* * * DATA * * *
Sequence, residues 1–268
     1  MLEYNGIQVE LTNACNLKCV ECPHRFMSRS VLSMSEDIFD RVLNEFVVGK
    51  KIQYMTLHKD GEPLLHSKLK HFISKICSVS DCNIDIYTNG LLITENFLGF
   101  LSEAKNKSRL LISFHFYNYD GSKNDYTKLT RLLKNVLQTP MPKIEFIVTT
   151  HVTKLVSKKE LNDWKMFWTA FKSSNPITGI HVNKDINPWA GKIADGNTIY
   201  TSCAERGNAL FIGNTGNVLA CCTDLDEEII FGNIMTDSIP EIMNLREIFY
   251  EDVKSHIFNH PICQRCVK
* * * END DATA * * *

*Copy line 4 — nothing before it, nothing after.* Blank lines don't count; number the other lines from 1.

   101  LSEAKNKSRL LISFHFYNYD GSKNDYTKLT RLLKNVLQTP MPKIEFIVTT